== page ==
On August 9, 2017, the Centers for Medicare and Medicaid Services published its latest 2018 exchange issuer county map. Only 17 counties, all but three in Nevada, remain without insurers currently enlisted to participate in an Affordable Care Act exchange for 2018. They are largely rural counties, including a total of 9,595 current exchange participants, one tenth of 1 percent of total current enrollees.

As of August 9, another 1,409 counties, with 2.5 million current enrollees, about 27 percent of the total, will have only one insurer available on the exchange for next year, although many of these enrollees will have a choice of several plans. Insurers have until September 27, 2017, to make a final decision as to whether they will participate for 2018, and these numbers are likely to change.

Also on August 9, 2017, the Kaiser Family Foundation released an early look at 2018 exchange rates and insurer participation in 21 cities in 21 states. Kaiser found a reduction in insurer participation in the exchanges for eight of the states it surveyed, although all but one still had more than one insurer participating. Premium increases in unsubsidized second-lowest cost silver plans in the surveyed cities varied from a 5 percent decrease in Providence, Rhode Island, to a 49 percent increase in Wilmington, Delaware, with most cities experiencing premium increases below 25 percent. Individuals receiving premium tax credits will pay slightly less than in 2017 for the second lowest-cost plan after the tax credits are applied.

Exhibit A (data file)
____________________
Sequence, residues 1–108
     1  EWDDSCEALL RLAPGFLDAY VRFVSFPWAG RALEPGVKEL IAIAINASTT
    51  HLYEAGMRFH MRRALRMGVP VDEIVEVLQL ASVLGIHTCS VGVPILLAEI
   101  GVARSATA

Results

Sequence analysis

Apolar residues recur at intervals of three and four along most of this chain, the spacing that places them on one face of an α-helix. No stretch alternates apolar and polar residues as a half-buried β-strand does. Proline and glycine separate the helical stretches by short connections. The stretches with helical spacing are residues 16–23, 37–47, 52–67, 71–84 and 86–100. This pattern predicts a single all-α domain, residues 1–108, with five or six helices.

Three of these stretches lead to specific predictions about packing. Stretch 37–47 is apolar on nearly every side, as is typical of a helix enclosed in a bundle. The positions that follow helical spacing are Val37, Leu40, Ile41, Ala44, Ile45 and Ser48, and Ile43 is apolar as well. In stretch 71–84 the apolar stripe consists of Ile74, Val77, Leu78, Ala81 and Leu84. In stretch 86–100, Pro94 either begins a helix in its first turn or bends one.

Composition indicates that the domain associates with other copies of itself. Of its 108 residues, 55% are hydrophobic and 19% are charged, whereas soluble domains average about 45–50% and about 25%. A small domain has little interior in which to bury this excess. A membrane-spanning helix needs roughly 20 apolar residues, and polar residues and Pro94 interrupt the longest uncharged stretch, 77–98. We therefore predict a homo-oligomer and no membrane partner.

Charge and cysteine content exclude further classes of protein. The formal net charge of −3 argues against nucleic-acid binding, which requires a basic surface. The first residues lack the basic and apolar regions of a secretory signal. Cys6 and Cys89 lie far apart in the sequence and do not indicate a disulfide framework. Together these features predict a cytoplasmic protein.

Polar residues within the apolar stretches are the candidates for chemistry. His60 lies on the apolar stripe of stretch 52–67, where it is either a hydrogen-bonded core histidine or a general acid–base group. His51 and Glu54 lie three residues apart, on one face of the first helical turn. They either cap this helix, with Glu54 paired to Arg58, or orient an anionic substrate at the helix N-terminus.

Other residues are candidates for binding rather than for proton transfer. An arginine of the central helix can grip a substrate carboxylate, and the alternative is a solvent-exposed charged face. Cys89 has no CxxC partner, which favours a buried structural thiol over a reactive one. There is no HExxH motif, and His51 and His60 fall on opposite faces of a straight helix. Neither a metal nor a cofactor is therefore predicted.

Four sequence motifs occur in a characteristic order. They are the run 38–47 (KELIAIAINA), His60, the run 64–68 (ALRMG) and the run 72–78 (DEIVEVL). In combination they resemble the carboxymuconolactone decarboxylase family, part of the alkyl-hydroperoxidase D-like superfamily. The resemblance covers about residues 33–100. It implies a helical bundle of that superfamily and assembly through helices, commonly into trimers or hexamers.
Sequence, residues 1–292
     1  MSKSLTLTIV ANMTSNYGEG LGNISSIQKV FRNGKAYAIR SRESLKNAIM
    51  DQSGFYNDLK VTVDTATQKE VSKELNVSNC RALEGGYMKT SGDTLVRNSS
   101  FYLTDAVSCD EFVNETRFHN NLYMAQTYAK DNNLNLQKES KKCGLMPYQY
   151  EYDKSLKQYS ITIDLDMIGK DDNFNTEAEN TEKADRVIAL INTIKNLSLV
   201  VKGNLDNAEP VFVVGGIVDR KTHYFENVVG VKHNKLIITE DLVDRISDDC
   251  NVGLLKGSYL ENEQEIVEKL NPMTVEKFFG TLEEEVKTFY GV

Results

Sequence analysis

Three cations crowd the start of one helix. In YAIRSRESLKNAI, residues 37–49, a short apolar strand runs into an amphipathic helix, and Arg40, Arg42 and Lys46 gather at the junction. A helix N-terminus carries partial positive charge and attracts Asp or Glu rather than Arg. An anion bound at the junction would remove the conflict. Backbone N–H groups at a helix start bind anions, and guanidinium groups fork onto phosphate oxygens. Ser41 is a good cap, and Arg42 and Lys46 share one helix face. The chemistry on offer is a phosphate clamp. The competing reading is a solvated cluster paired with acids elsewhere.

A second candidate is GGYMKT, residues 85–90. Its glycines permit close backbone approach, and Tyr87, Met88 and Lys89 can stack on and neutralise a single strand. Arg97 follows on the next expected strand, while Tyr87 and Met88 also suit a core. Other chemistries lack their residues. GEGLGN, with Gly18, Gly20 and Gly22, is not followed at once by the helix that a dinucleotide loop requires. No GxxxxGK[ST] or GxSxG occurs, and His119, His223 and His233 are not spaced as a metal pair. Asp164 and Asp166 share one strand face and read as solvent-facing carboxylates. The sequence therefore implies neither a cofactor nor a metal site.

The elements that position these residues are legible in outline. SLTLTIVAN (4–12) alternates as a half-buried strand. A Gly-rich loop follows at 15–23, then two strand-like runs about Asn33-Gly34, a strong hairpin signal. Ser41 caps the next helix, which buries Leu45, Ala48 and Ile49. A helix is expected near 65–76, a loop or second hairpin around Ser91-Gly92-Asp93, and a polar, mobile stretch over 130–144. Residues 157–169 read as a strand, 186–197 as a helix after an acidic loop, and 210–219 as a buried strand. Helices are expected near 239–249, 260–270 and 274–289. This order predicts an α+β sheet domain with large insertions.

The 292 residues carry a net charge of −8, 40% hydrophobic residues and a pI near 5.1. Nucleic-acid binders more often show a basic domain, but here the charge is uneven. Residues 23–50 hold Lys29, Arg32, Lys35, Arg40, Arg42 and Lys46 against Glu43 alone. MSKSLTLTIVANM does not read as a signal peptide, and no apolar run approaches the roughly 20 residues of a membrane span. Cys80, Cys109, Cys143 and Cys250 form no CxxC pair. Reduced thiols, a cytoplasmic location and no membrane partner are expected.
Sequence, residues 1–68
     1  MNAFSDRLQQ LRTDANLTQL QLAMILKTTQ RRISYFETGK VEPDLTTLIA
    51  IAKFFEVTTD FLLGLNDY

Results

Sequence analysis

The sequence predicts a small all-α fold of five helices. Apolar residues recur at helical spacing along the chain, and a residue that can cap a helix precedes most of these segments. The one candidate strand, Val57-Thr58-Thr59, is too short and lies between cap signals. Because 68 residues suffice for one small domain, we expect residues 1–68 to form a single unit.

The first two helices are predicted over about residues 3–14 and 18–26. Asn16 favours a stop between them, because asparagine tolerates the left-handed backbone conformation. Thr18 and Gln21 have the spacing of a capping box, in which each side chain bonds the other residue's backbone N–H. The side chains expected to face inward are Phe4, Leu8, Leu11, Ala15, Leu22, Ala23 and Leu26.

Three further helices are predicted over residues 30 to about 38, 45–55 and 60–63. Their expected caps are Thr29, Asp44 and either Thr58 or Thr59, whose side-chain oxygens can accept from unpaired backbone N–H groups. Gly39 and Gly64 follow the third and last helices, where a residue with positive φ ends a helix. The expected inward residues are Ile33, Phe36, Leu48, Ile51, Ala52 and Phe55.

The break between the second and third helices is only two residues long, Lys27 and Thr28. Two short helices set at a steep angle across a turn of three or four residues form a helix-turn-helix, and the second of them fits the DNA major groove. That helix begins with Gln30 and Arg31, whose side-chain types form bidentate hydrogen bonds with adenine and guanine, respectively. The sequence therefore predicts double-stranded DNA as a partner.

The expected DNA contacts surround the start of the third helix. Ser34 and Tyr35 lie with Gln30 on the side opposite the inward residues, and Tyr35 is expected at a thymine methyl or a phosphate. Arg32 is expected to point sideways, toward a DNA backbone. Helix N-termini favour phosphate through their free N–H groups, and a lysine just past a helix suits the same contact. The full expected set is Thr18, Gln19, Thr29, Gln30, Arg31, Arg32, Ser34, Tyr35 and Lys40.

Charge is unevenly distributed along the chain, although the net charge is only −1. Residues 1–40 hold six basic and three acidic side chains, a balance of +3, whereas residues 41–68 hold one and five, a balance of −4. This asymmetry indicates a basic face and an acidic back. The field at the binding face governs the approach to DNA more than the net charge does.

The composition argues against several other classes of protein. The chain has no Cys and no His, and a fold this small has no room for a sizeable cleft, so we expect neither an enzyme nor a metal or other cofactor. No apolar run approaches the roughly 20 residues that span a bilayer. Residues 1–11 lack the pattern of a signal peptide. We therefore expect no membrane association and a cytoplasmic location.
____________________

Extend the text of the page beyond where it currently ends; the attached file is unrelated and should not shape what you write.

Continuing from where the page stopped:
Kaiser reports that “the vast majority of insurers included in this analysis cite uncertainty surrounding the individual mandate and/or cost sharing subsidies as a factor in their 2018 rates filings.” Where these factors are addressed explicitly in rate filings, insurers that have assumed that the individual mandate will not be enforced have factored in additional rate increases of 1.2 to 20 percent, while those that have assumed the cost-sharing reduction payments (CSRs) will not be paid have factored in an additional 2 to 23 percent. Other insurers have filed rates assuming that the CSRs would be made, but stated that they would increase their rates an additional 6 to 28 percent if payment ceased.

The Trump administration continues to emphasize the weakness of the exchange markets for next year, but many of the problems that are causing that weakness, according to the insurers, are primarily of the administration’s own making. There is still time for the administration to announce a solid commitment to funding the CSRs and to enforcing the individual mandate. It also needs to work with Congress to secure longer-term CSR funding.

But time is growing very short — open enrollment begins on November 1. At stake is the fate of the exchanges and the 10 million Americans who receive coverage through the exchanges, and in particular the 6.7 million people who purchase individual insurance on or off the exchanges without subsidies. This last group of people will bear the full brunt of the premium increases if administration actions to undermine the market continue.